For instance, Partridge said, farmers used to cut hay twice in a season, and between cuts the hay would flower, allowing bees and other pollinators to forage. Today, farmers cut hay four or five times in a season, and since this schedule doesn’t permit hay to flower, pollinators suffer, she said.
Partridge said a ban is out of the question.
Legislators need to “evaluate all the issues affecting bees” before making any such decisions, she said.
Legislators must also consider what alternatives to neonicotinoids exist, because farmers will need to resort to something else if Vermont bans the chemical, Partridge said. That “something” could be older types of pesticides that were much more harmful to mammals, she said.
Bosworth told legislators that the older pesticides, called organophosphates, were applied manually and damaged all sorts of fauna that encountered the airborne poison, including the laborers who applied them.
Neonicotinoids, by contrast, come in the form of pretreated seeds, which draw the poison into the growing plants without dispersing it through the air, he said.
They do emit poisonous dust when they’re planted, and the plants themselves remain poisonous to invertebrates throughout their lives, but pretreated seeds contain that poison to a far greater degree than did previous treatments, he said.
Neonicotinoids are the only pesticide approved for pretreating seeds, Carsten said. They’re used to kill pests such as wire worms, seedcorn maggots, white grubs and black cutworms, all of which live in the soil, eat germinating seeds and are hard to spot and difficult to predict, she said. That makes a prophylactic pesticide such as neonicotinoids especially useful, she said.
But their prophylactic application may be unnecessary, legislators heard Friday.
Although 98 percent of corn sold in the United States is pretreated with neonicotinoids, studies have shown the treatment is unnecessary around 80 percent of the time, Peter Jenkins, an attorney for the Center for Food Safety, told lawmakers Friday in the Senate Agriculture Committee.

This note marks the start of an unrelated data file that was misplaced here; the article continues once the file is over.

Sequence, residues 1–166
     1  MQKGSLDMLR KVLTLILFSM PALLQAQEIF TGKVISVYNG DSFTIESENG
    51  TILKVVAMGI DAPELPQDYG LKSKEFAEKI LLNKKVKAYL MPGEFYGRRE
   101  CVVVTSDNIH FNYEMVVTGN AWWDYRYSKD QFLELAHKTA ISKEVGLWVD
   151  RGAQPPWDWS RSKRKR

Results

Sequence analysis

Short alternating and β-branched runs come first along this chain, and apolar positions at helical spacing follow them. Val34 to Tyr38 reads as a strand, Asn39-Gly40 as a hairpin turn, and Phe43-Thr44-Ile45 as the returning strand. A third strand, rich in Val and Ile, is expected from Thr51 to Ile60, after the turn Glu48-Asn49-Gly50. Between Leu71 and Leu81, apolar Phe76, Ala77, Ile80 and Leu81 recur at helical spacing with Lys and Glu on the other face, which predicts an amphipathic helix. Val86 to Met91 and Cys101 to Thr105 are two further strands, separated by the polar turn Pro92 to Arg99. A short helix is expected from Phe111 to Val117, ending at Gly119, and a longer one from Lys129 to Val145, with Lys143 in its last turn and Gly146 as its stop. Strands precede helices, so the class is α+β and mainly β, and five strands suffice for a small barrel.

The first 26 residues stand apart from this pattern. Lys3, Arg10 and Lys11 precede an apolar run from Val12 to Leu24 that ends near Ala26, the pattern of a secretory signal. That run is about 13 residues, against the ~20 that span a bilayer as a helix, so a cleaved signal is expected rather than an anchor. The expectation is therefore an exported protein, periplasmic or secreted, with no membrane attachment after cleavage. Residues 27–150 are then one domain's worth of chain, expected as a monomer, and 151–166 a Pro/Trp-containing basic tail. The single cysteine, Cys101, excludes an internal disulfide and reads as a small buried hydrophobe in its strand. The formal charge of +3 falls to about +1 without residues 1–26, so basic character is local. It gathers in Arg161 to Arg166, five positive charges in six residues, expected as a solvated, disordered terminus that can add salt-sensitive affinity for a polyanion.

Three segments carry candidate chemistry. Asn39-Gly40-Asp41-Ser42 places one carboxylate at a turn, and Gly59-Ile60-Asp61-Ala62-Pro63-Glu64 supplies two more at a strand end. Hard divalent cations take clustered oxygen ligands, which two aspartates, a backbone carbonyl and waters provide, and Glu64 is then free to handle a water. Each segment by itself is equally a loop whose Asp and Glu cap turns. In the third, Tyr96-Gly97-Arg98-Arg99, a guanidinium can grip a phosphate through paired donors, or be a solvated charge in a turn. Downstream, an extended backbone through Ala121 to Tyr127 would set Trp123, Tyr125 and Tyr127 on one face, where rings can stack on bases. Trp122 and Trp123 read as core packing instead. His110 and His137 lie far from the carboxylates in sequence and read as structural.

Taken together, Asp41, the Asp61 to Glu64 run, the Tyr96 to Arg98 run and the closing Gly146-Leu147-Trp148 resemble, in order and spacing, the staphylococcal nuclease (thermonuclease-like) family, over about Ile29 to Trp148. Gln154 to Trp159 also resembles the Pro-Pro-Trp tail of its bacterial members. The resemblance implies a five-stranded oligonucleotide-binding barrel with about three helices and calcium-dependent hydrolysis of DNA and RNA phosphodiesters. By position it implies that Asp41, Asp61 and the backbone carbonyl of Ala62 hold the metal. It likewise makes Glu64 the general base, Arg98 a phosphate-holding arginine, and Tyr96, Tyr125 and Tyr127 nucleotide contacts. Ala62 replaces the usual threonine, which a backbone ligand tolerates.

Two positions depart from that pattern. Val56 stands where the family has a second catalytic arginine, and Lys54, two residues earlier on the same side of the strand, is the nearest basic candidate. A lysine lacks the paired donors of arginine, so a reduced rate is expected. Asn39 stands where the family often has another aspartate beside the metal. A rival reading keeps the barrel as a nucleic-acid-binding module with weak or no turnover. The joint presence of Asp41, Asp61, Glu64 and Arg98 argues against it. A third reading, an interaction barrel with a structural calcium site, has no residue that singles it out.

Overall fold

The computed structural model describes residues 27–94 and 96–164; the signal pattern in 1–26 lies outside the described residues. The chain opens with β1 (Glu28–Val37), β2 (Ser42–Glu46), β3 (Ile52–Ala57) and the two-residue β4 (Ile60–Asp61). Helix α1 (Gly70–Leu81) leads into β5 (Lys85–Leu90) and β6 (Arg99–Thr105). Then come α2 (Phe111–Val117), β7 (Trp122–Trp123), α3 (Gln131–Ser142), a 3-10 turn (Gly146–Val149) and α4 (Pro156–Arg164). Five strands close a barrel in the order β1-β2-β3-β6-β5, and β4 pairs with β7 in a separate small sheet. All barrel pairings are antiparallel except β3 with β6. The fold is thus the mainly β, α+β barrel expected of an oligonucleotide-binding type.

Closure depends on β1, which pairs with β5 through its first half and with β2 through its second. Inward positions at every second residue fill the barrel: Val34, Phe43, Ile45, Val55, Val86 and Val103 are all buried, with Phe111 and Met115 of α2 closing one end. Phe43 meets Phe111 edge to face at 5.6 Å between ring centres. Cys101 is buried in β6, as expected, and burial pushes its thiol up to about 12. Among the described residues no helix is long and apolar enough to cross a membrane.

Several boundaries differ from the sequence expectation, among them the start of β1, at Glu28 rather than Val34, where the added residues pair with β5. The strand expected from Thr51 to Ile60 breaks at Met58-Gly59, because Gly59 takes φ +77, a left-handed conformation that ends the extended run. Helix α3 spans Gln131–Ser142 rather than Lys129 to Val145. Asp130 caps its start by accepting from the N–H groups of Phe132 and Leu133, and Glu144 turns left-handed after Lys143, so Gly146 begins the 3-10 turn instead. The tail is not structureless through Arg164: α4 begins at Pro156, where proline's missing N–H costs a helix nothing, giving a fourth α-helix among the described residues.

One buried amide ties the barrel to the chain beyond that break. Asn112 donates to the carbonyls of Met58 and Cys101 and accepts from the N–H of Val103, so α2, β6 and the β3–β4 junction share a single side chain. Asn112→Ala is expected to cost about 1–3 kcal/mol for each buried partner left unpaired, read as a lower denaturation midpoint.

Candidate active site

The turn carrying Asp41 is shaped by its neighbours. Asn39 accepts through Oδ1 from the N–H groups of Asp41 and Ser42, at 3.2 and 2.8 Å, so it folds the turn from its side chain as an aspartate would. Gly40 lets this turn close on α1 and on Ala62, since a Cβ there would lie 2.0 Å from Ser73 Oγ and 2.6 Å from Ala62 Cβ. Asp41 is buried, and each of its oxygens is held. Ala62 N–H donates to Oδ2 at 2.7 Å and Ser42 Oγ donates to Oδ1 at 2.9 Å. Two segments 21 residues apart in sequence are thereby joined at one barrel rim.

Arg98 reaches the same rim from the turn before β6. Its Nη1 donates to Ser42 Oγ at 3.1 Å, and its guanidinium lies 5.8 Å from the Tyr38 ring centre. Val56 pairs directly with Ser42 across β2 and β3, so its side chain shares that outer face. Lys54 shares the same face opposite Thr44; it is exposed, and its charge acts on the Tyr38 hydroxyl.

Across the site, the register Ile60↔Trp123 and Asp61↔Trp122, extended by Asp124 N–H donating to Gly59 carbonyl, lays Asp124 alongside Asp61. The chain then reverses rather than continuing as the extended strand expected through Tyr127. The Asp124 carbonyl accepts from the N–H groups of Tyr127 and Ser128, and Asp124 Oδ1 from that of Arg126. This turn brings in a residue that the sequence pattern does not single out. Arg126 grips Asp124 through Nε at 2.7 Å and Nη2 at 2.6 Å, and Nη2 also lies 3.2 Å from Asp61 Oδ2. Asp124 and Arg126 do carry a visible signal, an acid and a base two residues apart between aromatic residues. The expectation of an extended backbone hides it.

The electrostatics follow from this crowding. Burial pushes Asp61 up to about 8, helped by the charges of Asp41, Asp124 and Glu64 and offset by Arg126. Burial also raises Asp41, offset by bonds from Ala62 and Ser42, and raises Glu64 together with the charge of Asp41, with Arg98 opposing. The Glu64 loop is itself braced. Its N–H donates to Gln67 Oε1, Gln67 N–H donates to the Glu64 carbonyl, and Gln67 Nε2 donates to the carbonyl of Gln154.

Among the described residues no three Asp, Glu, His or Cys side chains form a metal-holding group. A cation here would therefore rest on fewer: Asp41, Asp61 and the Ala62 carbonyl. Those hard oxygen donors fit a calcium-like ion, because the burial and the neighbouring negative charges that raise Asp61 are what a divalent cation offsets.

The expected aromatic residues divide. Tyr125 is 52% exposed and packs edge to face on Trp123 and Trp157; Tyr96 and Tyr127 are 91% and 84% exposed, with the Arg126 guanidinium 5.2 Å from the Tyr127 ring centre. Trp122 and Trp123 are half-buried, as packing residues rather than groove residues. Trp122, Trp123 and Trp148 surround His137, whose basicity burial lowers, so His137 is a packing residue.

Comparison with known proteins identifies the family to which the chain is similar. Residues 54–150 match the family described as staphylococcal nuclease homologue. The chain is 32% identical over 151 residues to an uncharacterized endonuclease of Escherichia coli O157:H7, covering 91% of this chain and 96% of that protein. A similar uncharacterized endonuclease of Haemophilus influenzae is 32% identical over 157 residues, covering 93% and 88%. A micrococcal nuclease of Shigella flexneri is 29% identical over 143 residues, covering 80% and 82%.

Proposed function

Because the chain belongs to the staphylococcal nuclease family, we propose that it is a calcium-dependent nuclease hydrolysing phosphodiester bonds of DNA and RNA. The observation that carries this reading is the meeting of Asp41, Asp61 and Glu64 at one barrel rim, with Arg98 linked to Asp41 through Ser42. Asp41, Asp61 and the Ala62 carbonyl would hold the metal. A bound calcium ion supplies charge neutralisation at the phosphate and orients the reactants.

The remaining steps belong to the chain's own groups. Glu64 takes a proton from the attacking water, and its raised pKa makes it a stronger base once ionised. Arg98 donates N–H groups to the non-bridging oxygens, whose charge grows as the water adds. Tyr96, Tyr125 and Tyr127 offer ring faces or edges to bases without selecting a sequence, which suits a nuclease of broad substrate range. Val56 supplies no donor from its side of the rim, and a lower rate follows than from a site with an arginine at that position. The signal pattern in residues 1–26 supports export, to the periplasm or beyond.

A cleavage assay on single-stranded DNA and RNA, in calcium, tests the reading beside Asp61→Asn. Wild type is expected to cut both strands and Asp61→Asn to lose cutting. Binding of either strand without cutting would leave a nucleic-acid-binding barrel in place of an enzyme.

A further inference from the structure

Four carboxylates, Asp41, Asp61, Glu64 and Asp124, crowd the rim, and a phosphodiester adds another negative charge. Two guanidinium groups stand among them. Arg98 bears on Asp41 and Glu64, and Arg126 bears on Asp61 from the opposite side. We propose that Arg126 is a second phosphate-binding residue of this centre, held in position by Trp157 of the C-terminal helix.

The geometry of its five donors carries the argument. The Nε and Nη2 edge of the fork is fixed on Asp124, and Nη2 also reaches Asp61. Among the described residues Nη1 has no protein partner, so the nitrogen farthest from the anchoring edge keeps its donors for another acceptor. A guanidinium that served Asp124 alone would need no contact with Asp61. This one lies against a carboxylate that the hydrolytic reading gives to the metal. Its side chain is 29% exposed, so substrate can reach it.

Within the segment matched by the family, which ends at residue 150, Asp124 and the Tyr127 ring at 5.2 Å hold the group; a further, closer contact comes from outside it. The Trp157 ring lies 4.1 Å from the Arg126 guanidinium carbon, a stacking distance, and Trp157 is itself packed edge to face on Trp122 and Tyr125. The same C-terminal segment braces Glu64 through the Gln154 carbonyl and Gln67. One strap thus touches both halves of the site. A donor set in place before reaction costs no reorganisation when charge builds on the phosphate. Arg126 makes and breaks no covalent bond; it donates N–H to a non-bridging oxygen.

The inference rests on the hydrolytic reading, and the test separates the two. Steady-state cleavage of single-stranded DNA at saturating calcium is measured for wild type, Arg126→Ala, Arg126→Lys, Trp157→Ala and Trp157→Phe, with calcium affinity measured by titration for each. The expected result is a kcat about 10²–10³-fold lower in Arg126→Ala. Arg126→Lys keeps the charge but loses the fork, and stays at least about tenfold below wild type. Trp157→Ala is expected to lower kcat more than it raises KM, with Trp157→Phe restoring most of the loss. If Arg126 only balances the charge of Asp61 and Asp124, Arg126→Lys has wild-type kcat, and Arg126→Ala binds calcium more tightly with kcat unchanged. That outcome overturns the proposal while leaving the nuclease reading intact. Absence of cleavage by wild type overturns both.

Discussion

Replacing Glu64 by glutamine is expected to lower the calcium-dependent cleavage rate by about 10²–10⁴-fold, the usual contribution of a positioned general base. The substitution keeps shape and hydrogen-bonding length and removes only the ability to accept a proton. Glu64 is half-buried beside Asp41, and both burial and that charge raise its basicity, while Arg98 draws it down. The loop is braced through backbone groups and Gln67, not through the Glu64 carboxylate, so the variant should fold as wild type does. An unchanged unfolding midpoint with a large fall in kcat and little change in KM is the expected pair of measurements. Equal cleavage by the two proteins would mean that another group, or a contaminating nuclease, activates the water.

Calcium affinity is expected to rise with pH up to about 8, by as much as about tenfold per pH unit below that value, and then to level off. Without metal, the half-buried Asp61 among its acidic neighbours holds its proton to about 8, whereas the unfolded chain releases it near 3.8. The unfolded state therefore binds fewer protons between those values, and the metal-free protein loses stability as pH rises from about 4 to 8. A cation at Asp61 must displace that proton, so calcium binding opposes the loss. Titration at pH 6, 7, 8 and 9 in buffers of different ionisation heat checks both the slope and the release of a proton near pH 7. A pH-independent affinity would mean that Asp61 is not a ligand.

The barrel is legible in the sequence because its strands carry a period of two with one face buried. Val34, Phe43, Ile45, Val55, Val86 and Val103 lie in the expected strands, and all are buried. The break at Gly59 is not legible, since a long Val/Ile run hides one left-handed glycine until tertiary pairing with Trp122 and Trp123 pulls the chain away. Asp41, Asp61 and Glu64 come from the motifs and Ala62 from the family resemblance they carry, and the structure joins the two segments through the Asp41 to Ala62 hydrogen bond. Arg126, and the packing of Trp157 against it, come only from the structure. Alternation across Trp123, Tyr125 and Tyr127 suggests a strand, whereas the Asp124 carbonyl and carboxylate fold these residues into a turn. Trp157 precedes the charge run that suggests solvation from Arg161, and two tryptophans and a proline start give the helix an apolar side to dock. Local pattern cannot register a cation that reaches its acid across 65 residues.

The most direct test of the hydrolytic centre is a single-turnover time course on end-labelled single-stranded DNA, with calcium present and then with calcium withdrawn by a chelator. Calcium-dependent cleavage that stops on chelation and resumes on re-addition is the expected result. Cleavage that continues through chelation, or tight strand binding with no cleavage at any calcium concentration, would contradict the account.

“It’s kind of like taking antibiotics every day to make sure you don’t get an infection: It doesn’t make sense,” Jenkins said later.
Crop yields haven’t suffered where these chemicals have been restricted, Jenkins said. That includes the European Union, where 27 countries have instituted a moratorium on the use of neonicotinoids, he said.
In fact, he said, the EPA conducted an analysis on soybean production and found that, on the whole, the pesticides’ use on that crop in the United States wasn’t producing any economic benefit to farmers.
Given the ubiquity of pretreated seeds today, Vermont farmers could suffer if they were required to find untreated seeds, several legislators said.
Partridge said a ban would be problematic for farmers for that reason. Sen. David Zuckerman, P/D-Chittenden, the vice chair of the Agriculture Committee, said he’s wary of a ban for the same reason.
Carsten said untreated seeds are considered a specialty item in the seed industry. Other seed company representatives said told legislators their companies don’t even stock untreated seeds except in their lines of organic products.
Untreated seeds won’t necessarily cost more, but they’ll need to be ordered earlier in the year to ensure availability, Carsten told the Agriculture Committee.
Zuckerman said that could hurt farmers, who would need to plan and pony up the money in advance.
But current practices with neonicotinoids simply shift the cost elsewhere, said Conrad, the honey purveyor.
Beekeepers are experiencing ever-increasing rates of loss among their colonies, he said. Decades ago, bee losses of 3 percent to 5 percent a year were common, he said. In the 1990s, it became normal for beekeepers to lose 10 percent to 20 percent of a hive each year. Since 2006, around the time pretreated seeds became common, beekeepers frequently experience losses on the order of 30 percent to 40 percent, he said.
“The bottom line is, beekeepers are basically subsidizing the chemical industry, because we’re taking the hit for the substances they’re using,” he said.